Poetry Review — Hurled into Gettysburg

Hurled into Gettysburg by Theresa Wyatt is a collection of poetry reflecting on Gettysburg — the battle, the people, and its legacy.  Wyatt earned her Master’s Degree in Art Education. She primarily worked with students-at-risk. Her longest tenure was with the NYS Department of Corrections. Wyatt’s poetry has appeared in the American Journal of Hospice & Palliative Medicine, Earth’s Daughters, Hektoen International Journal, Spillway, steel bellow, The Buffalo News, The Healing Muse and The Medical Literary Messenger.

Most Americans are familiar with the Civil War from high school history lessons and most have some understanding of the war, its causes, and the aftermath.  Being raised in the North but now living in the South I see how the war remains a geographically polarizing issue one hundred and fifty-five years later. The enormity of the battle and war remains out of reach in many people’s minds. The Battle of Gettysburg produced over 50,000 casualties. Battle casualties in this range would be seen again in WWI before registering the deserving shock and sense of loss. The Civil War is responsible for the greatest loss of American lives in any war fought in our history.

Wyatt visited the Gettysburg battlefield and was awed by its events and those affected by the war, the battle, and the sense of history.  She avoids the battlefield poetry that grew out of WWI and focuses on the people. There are tributes to the Underground Railroad and those who facilitated its path to freedom.  There is also mention of those who help feed the starving soldiers and paid the price for their kindness. The wounded, some recover, others linger waiting for death. The wounded are treated with primitive medical care.  Death is common, some from the lack of understanding some from the sheer numbers that require medical care. For some, there will be a happy homecoming. For others, peppermint is a fragrance not associated with happy times or Christmas.  We are reminded that both sides were Americans and even the leaders of both sides came from West Point.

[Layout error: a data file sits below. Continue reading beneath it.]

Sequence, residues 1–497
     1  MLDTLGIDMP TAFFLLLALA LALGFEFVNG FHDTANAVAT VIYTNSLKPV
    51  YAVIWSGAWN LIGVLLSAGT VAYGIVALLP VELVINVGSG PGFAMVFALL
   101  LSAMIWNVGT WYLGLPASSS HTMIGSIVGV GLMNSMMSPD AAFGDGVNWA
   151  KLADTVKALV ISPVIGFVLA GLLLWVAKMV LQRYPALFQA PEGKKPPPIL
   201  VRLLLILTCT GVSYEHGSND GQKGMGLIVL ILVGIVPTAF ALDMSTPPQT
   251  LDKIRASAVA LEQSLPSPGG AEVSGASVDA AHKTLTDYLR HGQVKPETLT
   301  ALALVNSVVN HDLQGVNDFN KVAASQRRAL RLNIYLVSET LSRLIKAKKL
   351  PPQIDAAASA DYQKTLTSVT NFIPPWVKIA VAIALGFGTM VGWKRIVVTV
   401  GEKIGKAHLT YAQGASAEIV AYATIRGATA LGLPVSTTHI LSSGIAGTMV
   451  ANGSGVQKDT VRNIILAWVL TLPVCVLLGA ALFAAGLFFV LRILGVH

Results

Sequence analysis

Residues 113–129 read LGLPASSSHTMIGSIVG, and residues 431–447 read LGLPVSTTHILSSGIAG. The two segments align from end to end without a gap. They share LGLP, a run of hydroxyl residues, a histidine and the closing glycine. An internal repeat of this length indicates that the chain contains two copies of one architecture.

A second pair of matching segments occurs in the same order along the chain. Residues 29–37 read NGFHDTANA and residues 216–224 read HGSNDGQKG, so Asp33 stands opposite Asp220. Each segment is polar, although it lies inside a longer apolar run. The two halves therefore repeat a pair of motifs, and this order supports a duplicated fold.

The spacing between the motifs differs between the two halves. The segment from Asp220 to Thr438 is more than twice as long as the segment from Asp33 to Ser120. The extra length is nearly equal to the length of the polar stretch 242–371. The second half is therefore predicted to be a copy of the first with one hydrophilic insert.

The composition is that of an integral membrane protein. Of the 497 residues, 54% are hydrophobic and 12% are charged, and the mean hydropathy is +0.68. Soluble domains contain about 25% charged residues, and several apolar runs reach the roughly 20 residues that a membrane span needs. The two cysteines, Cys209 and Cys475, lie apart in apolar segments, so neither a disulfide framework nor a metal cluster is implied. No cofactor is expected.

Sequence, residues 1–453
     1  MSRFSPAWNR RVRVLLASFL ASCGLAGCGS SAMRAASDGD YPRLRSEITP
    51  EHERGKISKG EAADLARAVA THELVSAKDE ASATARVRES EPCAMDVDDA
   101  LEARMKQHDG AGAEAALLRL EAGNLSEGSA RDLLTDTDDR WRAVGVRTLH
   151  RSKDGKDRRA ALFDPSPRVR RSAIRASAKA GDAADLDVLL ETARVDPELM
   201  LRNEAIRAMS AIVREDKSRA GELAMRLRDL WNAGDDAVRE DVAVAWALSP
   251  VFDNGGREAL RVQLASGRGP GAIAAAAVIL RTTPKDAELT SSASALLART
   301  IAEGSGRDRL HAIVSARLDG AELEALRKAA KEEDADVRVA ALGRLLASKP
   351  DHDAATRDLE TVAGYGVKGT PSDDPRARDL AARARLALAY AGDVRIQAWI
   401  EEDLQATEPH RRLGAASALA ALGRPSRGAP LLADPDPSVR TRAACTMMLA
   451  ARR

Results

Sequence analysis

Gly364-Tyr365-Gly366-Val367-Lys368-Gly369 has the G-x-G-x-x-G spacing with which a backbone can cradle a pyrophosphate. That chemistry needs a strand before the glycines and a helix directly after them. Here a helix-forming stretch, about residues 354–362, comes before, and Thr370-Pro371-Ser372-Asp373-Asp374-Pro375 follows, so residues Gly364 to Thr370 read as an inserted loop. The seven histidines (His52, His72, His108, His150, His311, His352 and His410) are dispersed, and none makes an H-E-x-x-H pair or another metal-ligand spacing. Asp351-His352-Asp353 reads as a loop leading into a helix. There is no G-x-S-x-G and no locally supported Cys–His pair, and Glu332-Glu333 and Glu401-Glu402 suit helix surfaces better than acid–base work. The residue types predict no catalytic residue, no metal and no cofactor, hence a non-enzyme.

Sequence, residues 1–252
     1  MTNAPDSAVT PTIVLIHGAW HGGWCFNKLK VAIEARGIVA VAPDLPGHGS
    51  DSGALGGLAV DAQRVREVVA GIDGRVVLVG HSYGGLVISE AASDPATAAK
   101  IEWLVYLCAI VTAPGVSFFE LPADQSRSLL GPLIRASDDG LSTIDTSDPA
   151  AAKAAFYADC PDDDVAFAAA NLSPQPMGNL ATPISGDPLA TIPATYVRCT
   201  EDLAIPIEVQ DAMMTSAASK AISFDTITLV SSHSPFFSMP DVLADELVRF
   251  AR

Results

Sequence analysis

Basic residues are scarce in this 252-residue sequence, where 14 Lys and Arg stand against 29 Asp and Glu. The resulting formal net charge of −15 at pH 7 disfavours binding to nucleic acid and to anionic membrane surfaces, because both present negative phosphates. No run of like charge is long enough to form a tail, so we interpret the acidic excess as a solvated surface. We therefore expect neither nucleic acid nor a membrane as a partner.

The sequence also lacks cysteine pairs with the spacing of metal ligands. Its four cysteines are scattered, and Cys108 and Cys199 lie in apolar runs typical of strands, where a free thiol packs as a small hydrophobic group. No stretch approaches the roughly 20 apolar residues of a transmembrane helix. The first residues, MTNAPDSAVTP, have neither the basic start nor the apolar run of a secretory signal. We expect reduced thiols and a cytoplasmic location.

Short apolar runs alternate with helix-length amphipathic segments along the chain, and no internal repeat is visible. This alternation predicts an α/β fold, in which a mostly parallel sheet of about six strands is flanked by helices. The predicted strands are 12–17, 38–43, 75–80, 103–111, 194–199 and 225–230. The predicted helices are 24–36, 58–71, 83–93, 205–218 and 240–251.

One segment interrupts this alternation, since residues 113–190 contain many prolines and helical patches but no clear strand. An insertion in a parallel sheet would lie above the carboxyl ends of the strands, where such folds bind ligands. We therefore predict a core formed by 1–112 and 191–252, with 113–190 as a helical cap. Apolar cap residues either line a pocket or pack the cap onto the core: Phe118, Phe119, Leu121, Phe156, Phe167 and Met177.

It was the war that redefined America as an undividable union under a central government. It ended slavery and left wounds that did not heal quickly.  It is said that the South did not recover for one hundred years as slavery mutated into Jim Crow. Now, what is left of the war? In the South, there is outrage over the removal of statues of Southern Generals.  The Stars and Bars are slowly fading from view and state houses. Wyatt captures this theme in the poem “Camp Letterman.” Here it is not a statue or a battle flag. It is the site of a field hospital, the first of its kind, used to treat both Union and Confederate soldiers.  It was a symbol of humanity and care. Now a hotel sits on that location with a supermarket and pancake restaurant nearby. Looking at the map of the area the monument of the camp sits across the street from a McDonalds. This seems to be telling of America’s memory and sense of history.  Flags and Generals are remembered. Humanity is forgotten and covered over.

Wyatt experiences and expresses that sense of awe that many may feel perhaps at a cathedral or a wonder of nature; It is emotionally overwhelming. Her visits to Gettysburg are more than seeing a piece of land. It is the history that radiates from the field. It is almost like seeing the ghosts that lived and died there.  It presents itself as something almost too big for words and can only be expressed in poetry. Wyatt captures the spirit, the people, and the pain that was Gettysburg.

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